No, but, now that you mention it, I too remember being taught thusly. Hmm. TGFPF.
Sammywu
#15
Mar3-04, 08:36 PM
P: 273
Meson,

Your mentioning of the induced current or E feild has a 90 degree phase difference apparently shows there is some foundamental differences between EM wave propagation and induced current even though both seem to come from the same principle.

Isn't that interesting?
turin
#16
Mar3-04, 09:52 PM
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Originally posted by Sammywu
... there is some foundamental differences between EM wave propagation and induced current ...
Not exactly. An induced current is a phenomenon that can occur during propagation. There is a parameter called "intrinsic impedance" that will tell you how "in phase" the fields are. The more reactive the intrinsic impedance, the more out of phase the fields will be. If the intrinsic impedance is completely reactive, then the fields will be 90o out of phase. In other words:

E = ηH

where E is the electric field phasor, H is the magnetic field phasor, and η is the intrinsic impedance.

If it seems counterintuitive that the phase difference should increase with the relative reactance, then don't worry. It should seem counterintuitive (based on the idea of circuit impedance, that is). The intrinsic impedance isn't that kind of impedance. It is basically, pretty much just a convenient way to characterize the relative magnitude and phase of a propagating EM wave. A more reactive intrinsic impedance actually corresponds to a more conductive (lossy) propagation medium.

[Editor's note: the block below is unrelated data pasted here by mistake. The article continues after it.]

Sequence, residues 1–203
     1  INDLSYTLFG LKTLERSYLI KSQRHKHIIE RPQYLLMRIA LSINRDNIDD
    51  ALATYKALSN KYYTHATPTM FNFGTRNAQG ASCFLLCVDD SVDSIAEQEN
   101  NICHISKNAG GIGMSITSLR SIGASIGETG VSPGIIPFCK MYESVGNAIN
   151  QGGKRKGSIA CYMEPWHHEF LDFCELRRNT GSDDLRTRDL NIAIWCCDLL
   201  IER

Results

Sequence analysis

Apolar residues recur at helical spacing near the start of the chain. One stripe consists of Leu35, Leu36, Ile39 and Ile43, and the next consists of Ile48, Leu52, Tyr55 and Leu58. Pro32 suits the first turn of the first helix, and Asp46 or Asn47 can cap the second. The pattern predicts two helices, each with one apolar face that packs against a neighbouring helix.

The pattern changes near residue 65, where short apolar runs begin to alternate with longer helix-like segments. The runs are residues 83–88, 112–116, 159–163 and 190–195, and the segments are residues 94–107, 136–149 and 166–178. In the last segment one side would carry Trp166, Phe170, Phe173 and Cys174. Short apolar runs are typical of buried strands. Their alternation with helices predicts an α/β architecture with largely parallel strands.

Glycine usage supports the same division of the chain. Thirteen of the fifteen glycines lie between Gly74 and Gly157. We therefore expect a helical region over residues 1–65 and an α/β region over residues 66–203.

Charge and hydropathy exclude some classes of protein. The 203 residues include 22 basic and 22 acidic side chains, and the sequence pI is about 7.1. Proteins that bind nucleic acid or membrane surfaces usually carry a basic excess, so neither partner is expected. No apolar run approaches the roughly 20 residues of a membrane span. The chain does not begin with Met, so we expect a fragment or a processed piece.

The intrinsic impedance contains the propagation constant of the medium (and therefore the conductance), γ:

η = jωμ/γ

where γ = σ + jωε

and σ = the conductivity of the medium.

Note that all of these parameters are composite parameters. That is why in a transformer, for instance, the intrinsic impedance (as much sense as you can make of it in a transformer) is extremely reactive, and therefore the fields are far from in phase.
Sammywu
#17
Mar4-04, 09:42 AM
P: 273
Turin,

Thanks.

FZ+,

I have a problem with your document for EM field.

The first formula introduced makes the unit of mue-zero as Newton*meter/Ampere^2. Isn't it supposed to be Newton/Ampere^2?

Anything wrong with my interpretation of this formula?

F = 2*(Mue-zero/4Pie )*I1*I2/r,
Sammywu
#18
Mar6-04, 10:19 AM
P: 273
I think it says force per meter of current. Soo this probably shall be:

F/dL = 2*(Mue-zero/4Pie )*I1*I2/r,

That will balance the units on the two sides of this equation.